I am spending a couple days in Clarksdale, Mississippi. This morning I woke up and thought, the Delta is three-times haunted.
The Delta is haunted, first of all, by the absence of those who have left. Their homes crumble alongside the sinking highways, rotting to splinters among the rusted remains of their tools and toys and old cars and things. Now and again, an anachronistic busybody will roll down US-61 and reclaim a few of the old shacks for a museum, but the pickings are slim. The rot remains to remind the survivors of what has been.
The Delta is haunted as well by the significance of its past and the seeming insignificance of its present. Here in this room, the rough-hewn, wood-paneled parlor of an old sharecropper’s shotgun house, Muddy Waters stares at the Haint Blue-painted door from a poster on the wall above the bed. By the front door and on the bathroom wall, two separate travelers have commemorated “Flyover Country Road Trip” with permanent marker. Mark Twain and Muddy Waters imbued this place with meaning in the last two centuries. What animates it now but the spirit of those who have left?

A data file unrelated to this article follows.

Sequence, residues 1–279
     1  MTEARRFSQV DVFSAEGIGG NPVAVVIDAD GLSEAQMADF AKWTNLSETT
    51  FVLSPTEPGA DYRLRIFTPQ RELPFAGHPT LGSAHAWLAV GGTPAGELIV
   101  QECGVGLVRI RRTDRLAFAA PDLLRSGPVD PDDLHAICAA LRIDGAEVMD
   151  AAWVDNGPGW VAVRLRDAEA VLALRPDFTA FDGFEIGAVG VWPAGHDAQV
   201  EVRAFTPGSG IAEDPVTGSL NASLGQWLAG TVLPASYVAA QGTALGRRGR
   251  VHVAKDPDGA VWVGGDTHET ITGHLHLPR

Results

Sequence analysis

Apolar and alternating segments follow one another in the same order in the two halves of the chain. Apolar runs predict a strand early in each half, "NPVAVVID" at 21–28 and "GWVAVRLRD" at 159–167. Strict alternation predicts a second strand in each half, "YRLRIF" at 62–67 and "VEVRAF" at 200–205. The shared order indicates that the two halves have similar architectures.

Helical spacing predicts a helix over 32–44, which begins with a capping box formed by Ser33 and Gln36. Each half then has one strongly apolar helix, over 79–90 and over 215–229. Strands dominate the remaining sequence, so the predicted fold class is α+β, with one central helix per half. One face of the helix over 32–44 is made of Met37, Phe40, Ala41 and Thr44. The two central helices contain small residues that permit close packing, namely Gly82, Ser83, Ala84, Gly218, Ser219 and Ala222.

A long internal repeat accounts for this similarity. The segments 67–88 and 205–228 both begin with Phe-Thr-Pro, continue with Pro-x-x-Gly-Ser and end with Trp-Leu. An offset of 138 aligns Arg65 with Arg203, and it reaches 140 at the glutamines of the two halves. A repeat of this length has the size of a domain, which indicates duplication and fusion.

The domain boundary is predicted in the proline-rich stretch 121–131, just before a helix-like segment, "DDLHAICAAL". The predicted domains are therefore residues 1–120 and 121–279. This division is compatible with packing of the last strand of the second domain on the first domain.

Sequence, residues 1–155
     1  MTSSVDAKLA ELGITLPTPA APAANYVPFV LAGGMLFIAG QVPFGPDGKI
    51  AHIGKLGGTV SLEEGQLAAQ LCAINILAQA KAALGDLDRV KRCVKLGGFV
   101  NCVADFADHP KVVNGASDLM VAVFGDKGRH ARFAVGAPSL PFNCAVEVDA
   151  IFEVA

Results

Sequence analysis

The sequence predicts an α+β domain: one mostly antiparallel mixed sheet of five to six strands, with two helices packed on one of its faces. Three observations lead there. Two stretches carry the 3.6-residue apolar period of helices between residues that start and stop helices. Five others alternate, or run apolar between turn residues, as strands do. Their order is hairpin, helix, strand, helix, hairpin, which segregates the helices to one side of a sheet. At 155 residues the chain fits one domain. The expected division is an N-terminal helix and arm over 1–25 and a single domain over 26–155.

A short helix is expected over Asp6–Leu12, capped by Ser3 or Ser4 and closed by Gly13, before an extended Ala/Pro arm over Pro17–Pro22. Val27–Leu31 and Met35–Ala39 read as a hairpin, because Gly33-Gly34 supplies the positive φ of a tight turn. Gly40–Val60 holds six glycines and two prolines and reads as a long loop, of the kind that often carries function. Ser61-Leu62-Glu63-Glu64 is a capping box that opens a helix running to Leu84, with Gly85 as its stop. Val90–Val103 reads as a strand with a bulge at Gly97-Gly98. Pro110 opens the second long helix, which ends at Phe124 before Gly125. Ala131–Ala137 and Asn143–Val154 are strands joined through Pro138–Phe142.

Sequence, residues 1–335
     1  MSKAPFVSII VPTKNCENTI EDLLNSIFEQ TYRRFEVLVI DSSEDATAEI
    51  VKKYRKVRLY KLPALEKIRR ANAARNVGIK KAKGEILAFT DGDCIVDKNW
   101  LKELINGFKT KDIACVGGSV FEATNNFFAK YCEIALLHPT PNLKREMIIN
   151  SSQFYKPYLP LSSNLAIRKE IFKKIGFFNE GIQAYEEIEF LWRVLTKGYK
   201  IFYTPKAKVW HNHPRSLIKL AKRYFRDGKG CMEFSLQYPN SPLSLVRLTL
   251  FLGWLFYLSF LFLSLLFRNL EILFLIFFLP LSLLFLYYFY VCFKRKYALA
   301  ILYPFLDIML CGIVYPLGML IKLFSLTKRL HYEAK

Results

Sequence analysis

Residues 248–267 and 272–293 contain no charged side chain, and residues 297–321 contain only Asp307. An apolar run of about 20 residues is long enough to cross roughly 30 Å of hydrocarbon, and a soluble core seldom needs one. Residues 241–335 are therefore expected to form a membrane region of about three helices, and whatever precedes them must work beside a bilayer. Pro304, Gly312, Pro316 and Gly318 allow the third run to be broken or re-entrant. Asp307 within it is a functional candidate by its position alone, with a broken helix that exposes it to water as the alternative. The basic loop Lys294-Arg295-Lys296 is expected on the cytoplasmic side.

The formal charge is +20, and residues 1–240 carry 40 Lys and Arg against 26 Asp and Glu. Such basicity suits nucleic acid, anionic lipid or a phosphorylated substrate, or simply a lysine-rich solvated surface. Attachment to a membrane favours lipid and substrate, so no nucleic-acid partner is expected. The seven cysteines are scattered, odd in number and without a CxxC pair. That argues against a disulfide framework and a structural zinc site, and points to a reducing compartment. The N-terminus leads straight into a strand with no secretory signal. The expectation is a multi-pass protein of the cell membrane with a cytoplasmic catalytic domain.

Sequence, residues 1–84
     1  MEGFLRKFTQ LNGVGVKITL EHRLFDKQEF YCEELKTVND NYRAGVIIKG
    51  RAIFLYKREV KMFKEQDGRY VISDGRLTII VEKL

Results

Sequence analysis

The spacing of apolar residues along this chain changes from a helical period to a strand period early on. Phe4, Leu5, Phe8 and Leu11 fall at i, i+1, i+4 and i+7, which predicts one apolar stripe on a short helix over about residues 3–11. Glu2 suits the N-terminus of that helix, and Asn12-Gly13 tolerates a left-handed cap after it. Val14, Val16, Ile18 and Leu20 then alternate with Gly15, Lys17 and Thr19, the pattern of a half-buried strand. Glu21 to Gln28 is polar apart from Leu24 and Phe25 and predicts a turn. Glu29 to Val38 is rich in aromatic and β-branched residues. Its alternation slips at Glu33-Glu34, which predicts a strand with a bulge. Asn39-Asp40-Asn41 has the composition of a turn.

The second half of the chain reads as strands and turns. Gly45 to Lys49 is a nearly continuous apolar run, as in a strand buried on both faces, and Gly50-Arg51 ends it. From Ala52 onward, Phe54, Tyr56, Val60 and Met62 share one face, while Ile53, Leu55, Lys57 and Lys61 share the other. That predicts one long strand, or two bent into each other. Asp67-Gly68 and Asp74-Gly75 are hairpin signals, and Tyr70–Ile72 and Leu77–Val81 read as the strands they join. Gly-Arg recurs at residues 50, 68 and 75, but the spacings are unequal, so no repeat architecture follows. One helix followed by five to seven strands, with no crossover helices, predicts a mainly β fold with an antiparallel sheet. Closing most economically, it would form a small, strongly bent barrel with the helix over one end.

Nature haunts the Delta, too. Last night a storm raged for hours outside the shack here. The wind poked and prodded at the old wooden panels, slamming the screen doors and creaking up and down the porch like a malevolent visitor in the night. In the lull, I could hear the wind rolling through the magnolia trees and across the vast black and brown field beyond like an intelligent thing. The spirit of the Mississippi River stalks the landscape here, ambivalent to the people hanging onto the black earth for life.
I love it here.